“I got this.” I grab the bill, slide my card inside the envelope, and hand it to the waitress.
That’s my modus operandi. I pay for the table, or at minimum offer to pay my half, especially when I go out with a man.
A few weeks ago, I went out with a guy — sort of a date, not really a date, but a date. The bill came and he let me pay, and that, ladies and gentlemen is how my dating life has been over the past few years.
We teach people how to treat us. This is the reason I’ve ended up in relationships with men who didn’t value me, because I didn’t value myself. I didn’t even think I was worth a meal.
The day after the “kinda” date, I didn’t feel good and it was because of my decision to pay. It didn’t represent how I really feel about myself now, yet I fell back into an old habit — a self-deprecating, soul-crushing one.
All of the laps in the pool, the hours in my therapist’s office and the days of solitude have led me to the reason why I do the things I do and suffer because of them: I haven’t felt worthy of any of it, none of it, not even to be taken out for dinner and treated to a nice meal by a friend or a romantic interest.
For the past four years, I’ve also carried a burden of guilt for receiving child support and alimony from my divorce settlement. Finally, the rational side in me has started to speak up and scream out:
“Really? Really? You birthed and raised your children, stood by your husband from teenage years to 20-somethings when neither of you had any money, and were scraping by. You’ve built a home, a life and you don’t deserve money to help support that? Ludicrous, crazy talk.”
Money and I have had a strained relationship for the past 20 years. I’ll leave the psychobabble alone — I know the cause and that’s what matters, but the symptom is unworthiness.
I even founded and own a business based on the principle of my discomfort with monetary exchange. I opened a donation based yoga studio (for charitable reasons as well), because I wasn’t comfortable claiming my worth, harnessing the confidence to charge for the hard work and expertise I’ve built over the years. I’m a damn good teacher and I deserve to be compensated for it. Not only that, I chose yoga to be my business–operative word, business–I’m doing it to make money, even though it is something I love.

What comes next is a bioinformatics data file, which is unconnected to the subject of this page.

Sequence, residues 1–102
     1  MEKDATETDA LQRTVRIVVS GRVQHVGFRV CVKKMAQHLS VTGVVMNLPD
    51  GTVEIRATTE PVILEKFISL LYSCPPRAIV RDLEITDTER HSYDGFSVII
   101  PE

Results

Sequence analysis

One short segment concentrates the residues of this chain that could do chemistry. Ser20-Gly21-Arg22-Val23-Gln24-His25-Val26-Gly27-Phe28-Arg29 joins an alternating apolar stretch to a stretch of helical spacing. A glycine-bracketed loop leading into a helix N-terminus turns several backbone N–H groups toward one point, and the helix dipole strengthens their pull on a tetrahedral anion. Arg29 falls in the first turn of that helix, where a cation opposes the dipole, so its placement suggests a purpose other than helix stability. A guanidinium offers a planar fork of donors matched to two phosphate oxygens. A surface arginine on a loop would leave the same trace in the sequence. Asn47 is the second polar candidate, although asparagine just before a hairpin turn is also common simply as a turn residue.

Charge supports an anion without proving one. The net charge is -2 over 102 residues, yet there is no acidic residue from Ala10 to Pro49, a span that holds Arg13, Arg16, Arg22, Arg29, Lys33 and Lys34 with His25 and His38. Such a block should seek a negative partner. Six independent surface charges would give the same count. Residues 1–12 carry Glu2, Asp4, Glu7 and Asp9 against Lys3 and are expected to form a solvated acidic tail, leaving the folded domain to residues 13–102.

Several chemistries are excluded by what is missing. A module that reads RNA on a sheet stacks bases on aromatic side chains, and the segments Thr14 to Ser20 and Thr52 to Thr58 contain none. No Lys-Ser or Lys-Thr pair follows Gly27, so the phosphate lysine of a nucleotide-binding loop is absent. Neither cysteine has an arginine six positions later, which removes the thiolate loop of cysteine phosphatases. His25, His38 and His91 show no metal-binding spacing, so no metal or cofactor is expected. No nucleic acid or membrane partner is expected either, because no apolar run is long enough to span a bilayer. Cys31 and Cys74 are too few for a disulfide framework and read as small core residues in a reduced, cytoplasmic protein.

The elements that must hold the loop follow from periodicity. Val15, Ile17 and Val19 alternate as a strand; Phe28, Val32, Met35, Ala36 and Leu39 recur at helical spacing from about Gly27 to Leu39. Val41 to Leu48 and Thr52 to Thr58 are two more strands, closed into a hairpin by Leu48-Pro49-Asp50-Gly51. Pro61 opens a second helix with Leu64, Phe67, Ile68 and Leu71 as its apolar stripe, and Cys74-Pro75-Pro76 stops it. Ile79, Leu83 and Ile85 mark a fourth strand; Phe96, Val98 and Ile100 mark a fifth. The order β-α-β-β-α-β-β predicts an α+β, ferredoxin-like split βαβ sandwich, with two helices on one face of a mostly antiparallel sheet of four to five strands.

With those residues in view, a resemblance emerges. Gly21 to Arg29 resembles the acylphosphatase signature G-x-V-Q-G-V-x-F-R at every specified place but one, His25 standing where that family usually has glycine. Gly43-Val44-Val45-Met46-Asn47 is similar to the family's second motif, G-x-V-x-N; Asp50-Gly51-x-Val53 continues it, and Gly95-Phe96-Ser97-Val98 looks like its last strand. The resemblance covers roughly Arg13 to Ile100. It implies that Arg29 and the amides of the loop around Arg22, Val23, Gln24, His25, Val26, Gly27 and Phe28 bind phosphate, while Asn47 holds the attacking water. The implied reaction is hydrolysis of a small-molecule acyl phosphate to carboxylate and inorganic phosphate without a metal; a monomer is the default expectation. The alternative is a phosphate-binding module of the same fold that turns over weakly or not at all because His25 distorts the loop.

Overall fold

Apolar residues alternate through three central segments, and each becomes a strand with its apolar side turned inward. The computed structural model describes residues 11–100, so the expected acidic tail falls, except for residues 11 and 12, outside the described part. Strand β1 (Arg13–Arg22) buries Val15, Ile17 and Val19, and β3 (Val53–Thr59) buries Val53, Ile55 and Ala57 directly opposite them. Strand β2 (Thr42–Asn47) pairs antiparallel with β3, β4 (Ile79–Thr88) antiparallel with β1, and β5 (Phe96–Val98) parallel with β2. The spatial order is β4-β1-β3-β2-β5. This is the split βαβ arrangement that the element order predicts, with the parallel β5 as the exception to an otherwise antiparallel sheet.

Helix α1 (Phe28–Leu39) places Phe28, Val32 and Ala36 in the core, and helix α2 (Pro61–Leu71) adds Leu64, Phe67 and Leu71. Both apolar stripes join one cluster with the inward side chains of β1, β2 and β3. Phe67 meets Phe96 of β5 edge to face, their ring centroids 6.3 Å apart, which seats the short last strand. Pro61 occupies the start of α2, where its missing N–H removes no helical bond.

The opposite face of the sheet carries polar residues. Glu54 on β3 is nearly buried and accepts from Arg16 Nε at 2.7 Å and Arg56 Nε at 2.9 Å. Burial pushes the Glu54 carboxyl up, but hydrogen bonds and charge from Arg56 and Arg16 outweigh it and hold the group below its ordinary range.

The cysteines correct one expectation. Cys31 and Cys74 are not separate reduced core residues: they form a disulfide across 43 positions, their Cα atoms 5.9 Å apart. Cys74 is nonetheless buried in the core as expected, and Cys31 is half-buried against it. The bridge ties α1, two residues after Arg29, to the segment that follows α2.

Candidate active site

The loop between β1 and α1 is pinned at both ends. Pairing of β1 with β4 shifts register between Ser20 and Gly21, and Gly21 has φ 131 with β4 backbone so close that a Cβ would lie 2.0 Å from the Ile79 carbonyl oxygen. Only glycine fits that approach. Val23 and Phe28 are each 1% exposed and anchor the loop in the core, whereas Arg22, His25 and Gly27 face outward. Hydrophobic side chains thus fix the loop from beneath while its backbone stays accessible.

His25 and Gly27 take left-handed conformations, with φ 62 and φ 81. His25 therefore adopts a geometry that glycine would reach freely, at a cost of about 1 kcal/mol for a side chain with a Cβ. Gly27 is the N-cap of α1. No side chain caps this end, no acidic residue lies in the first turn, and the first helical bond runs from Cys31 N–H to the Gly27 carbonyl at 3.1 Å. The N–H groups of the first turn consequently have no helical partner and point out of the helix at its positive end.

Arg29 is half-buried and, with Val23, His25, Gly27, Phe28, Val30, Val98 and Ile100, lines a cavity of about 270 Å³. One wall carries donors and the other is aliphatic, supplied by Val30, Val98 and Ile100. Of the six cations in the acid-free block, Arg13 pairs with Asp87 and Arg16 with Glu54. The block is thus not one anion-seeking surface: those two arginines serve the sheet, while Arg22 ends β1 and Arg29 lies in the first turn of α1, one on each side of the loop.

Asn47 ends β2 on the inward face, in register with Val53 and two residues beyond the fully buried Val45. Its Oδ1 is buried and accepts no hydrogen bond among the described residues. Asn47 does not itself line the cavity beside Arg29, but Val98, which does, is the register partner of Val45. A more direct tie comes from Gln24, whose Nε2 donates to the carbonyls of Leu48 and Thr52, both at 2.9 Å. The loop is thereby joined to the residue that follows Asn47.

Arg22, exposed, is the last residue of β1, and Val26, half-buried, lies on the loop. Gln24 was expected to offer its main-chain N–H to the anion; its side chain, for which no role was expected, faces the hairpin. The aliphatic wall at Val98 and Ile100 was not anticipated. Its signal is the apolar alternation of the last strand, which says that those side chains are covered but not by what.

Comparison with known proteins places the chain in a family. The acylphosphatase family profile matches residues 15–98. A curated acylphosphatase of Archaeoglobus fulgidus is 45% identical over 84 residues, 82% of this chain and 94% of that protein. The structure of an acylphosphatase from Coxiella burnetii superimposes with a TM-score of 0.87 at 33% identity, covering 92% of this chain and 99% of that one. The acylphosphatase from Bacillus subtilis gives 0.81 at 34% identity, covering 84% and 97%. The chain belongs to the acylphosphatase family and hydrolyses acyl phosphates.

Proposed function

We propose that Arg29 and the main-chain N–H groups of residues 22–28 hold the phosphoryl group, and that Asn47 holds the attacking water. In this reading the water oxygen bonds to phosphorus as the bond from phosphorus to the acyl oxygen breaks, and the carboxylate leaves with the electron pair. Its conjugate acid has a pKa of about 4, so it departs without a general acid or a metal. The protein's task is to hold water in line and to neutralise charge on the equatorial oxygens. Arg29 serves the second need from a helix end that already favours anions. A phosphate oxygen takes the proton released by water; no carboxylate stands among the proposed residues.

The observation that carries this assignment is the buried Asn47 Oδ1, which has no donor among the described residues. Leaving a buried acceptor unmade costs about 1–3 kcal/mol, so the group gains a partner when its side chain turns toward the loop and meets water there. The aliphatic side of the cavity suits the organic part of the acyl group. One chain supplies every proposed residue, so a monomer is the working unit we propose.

A few years ago, I wrote an article called, “I Work for Love.” The article was about my love of yoga and writing, and my proclamation; I would do it for free even if no one ever paid me. I’ve changed my mind. I won’t teach for free anymore, because there’s no value in that, even on a spiritual level. There needs to be an exchange, any time something is given, something needs to be received. This is my personal belief.
In the “spiritual/yoga” community, it is faux pas to speak about money, the exchange of money, to want money, or even to admit we need money. I hear new teachers say it all of the time, “I’m not doing this for the money.” Bullsh*t! We all have to survive and live, and if you choose yoga as your job, you should and want to get paid for it.
You are allowed to love what you do, get paid for it, demand you are paid for it and paid well.
I am a yoga teacher and writer living in the real world, with real responsibilities. I need the money. I’m paying my way through graduate school, running a studio, and raising a family. I pay a mortgage and bills every month, and I want to live well. I used to feel ashamed for saying so, but I don’t anymore. I want to take my kids to travel the world, and have the ability to enroll them in piano and ice-skating lessons.
I realize there is nothing wrong with that, and in order to do so, I have to claim my worth and then, charge my worth, in every realm, from relationships to business.
I wish I could go back in time, to the moment the check arrived a few weeks ago, but I can’t. What I can do going forward is act differently.
This week, I had two different clients ask me for private yoga sessions.
When I told them my rate, they asked if I would offer a discount. I’ve always chickened out and slashed 10 to 15 percent off, just because they asked, but this time I said, “No. I’m worth every penny for my expertise and my time.”
Do you know what they said? “We’ll pay your rate and we are looking forward to it.”
Just like that, I declared my worth and it was accepted.
I recognize no one will honor me, not a man or a yoga student, if I don’t value myself first. I must claim my worth in every aspect of my life, because in the end, in the beginning, in all of it, it comes down to one thing, loving myself.
If I do that, everyone else will follow my lead.